Since chairman Lee Kun-hee was hospitalized after suffering a heart attack in May, the Korean tech giant, led by the son, has acquired or invested in 11 international start-ups. This compares with 18 acquisitions made between 2007 and 2013.
For South Korea’s family-run conglomerates, acquiring another company is usually a time-consuming process in which every phase of the decision should be confirmed by the charismatic chairman.
|Samsung Electronics vice chairman Lee Jay-young (Yonhap)|
The Samsung heir’s unusually speedy management hints at a sign of change not just at Samsung but also in the nation’s long-held corporate culture.
The acquisitions are largely led by the company’s Open Innovation Center in Palo Alto, California, which acts as an investing arm and start-up accelerator for U.S. companies that Samsung is interested in.
In response to the uncertain smartphone outlook, one of the key focus areas for Samsung, the world’s largest smartphone-maker, has been the Internet of Things. The company recently announced it would sync up all its connected gadgets by 2020.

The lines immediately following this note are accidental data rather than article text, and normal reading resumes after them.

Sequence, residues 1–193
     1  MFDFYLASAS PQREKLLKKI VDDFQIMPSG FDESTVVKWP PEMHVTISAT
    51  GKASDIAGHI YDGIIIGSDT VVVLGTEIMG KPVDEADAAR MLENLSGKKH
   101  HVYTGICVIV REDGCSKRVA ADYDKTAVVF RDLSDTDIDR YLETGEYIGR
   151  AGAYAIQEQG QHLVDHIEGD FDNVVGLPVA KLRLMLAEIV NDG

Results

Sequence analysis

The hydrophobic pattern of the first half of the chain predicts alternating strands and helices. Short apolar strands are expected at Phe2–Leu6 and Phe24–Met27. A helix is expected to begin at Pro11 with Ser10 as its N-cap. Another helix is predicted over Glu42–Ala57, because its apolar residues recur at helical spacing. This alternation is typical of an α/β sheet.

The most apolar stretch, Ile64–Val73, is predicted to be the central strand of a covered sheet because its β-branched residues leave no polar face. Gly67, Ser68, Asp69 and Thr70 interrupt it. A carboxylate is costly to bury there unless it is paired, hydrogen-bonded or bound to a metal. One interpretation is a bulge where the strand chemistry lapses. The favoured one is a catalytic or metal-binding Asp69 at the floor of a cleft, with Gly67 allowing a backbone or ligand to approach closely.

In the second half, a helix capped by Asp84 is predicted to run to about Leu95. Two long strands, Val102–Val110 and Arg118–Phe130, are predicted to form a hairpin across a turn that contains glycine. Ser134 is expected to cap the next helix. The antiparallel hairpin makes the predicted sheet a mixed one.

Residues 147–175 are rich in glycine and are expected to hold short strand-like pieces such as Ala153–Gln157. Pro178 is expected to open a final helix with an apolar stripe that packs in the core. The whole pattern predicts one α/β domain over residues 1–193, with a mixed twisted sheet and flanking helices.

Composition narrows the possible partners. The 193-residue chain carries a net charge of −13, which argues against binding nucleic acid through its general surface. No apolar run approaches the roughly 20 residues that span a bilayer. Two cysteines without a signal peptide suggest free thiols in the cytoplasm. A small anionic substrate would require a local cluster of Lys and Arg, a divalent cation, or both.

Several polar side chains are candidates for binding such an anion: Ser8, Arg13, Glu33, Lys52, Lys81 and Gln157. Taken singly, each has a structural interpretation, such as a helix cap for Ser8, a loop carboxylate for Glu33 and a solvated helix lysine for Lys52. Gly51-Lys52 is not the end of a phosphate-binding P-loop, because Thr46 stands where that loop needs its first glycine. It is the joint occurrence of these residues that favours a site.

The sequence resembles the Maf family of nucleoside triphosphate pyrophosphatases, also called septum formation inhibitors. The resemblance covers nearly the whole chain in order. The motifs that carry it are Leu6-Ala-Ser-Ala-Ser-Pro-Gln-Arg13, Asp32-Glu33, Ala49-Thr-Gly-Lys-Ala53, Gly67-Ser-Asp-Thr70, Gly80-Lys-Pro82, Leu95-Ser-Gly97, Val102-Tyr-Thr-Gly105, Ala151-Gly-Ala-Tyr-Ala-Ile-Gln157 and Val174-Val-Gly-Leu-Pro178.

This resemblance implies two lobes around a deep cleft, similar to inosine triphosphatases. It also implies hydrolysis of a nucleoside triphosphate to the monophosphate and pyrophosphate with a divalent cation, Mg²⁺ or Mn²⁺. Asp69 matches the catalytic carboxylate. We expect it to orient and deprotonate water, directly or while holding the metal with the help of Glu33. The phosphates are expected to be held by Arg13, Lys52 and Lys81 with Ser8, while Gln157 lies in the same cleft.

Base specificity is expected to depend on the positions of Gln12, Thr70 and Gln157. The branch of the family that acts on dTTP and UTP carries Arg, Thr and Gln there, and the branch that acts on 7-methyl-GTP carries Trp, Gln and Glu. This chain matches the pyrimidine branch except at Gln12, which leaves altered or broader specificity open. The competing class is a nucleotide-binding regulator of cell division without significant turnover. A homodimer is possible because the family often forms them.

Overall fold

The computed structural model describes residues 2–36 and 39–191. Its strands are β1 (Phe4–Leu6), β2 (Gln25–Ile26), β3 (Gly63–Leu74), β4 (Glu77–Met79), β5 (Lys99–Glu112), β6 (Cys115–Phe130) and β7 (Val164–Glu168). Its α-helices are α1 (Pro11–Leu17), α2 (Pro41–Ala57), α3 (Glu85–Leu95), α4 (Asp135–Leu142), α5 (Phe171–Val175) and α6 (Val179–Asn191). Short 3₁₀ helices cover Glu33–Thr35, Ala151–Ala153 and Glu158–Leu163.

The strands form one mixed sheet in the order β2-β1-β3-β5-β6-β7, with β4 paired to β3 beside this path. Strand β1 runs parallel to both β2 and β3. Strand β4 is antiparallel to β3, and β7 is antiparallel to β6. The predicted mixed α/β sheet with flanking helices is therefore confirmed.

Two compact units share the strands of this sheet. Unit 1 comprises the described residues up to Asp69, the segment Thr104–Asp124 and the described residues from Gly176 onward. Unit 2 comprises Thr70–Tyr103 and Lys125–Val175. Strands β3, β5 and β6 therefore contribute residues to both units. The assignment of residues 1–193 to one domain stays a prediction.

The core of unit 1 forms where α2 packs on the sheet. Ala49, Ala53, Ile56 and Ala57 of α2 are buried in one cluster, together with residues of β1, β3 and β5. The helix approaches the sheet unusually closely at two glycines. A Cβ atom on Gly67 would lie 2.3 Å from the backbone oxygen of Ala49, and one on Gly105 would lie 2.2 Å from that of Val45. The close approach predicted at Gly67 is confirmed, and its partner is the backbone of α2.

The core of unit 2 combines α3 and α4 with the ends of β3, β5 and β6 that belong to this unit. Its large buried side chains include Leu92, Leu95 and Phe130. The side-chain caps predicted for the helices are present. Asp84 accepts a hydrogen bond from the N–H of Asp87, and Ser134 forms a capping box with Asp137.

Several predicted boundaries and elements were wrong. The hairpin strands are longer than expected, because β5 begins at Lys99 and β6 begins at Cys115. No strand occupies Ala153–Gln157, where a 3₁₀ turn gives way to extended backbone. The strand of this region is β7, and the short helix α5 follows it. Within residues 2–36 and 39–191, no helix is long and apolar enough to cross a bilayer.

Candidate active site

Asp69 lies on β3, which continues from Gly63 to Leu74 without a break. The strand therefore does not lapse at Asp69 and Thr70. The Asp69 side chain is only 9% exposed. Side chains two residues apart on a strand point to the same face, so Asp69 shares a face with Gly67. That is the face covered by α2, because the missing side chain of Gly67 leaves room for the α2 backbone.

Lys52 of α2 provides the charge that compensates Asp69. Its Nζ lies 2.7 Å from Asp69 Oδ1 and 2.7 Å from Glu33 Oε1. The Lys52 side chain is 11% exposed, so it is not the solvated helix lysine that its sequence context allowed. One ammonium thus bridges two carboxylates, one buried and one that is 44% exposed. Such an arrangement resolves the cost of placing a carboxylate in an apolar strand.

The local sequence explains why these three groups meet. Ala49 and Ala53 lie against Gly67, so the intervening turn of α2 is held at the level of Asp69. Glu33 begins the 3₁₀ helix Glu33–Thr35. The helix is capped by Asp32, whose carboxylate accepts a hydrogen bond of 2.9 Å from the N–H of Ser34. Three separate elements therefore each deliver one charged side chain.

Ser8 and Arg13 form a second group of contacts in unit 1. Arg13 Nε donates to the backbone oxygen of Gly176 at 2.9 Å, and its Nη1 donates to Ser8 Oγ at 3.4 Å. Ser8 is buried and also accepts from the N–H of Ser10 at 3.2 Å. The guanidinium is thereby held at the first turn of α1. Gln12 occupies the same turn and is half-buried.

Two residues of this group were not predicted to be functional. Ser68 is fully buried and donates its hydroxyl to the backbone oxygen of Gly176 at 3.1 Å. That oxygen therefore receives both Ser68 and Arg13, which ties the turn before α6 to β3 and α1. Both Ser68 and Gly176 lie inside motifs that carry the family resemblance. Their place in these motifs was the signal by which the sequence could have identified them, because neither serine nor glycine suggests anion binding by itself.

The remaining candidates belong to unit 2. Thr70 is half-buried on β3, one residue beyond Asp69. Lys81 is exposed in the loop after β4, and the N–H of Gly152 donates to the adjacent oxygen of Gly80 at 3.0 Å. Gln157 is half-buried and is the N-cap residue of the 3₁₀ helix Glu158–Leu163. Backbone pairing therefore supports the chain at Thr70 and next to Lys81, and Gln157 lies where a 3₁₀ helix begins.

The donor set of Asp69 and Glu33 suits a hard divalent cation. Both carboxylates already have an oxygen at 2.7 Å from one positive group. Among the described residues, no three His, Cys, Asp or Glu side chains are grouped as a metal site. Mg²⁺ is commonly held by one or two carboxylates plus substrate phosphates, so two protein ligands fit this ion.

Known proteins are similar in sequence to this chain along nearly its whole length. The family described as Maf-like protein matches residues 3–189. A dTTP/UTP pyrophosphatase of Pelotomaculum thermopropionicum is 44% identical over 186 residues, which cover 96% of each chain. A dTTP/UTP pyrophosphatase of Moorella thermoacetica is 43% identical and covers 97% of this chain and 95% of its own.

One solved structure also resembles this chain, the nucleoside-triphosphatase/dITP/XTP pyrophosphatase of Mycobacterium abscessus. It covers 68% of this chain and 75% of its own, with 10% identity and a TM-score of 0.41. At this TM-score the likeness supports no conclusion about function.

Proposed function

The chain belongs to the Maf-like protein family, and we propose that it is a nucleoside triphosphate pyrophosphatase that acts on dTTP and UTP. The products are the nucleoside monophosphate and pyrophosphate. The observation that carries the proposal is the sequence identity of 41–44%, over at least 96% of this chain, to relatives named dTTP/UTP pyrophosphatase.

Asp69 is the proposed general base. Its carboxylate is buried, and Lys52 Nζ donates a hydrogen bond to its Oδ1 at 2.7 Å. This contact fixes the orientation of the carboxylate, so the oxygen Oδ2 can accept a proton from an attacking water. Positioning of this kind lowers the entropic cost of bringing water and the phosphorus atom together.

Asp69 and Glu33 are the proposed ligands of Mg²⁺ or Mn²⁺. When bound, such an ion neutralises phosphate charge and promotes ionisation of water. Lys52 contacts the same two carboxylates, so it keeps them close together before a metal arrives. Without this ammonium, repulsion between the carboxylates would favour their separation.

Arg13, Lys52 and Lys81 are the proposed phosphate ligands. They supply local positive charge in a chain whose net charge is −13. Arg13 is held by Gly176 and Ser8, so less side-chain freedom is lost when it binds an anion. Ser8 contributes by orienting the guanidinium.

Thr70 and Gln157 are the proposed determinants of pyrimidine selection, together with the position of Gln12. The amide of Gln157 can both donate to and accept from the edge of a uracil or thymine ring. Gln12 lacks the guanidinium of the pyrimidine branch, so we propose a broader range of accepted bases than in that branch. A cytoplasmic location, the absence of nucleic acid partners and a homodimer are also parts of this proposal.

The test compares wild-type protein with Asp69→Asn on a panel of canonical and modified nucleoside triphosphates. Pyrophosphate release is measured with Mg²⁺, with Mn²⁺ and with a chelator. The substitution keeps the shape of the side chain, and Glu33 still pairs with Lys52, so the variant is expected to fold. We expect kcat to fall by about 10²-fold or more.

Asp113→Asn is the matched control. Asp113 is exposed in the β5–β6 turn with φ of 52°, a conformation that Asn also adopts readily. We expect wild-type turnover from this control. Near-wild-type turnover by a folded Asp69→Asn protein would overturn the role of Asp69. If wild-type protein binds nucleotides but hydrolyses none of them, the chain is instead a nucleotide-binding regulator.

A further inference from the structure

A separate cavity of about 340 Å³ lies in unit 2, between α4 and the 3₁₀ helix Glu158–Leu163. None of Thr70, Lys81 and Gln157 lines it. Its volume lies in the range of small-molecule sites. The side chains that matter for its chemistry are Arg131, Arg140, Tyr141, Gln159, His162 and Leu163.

In recent months, Samsung acquired SmartThings, a platform developer for smart home devices; Quietside, a distributor of heating and air conditioning products; and Proximal Data, a solid-state drive software company, all of them based in the United States.
Other buyouts included Canadian mobile printing solution company PrinterOn, Israeli sensor technology company Early Sense and Brazilian printing solutions company Simpress.
And the most important acquisition came last week ― LoopPay, a U.S.-based mobile payments technology start-up. In the red-hot mobile wallet market dominated by Apple and Google, Samsung is expected to launch its own service system soon to compete head-on with its powerful rivals.
In the latest software push, Lee has met several CEOs of international software companies like Satya Nadella of Microsoft and Mark Zuckerberg of Facebook. On Tuesday, he also held a meeting with Peter Thiel, cofounder of PayPal.
Industry watchers say the new businesses are still in their investment stages and years away from making a significant contribution to the company’s bottom line.
The Samsung heir will face a stern test, they said, until there are tangible results.
“Lee needs to prove his business skills and leadership before he takes full charge. Until then, diverse attempts, including acquisitions, will be tried,” said a source.
By Lee Ji-yoon (firstname.lastname@example.org)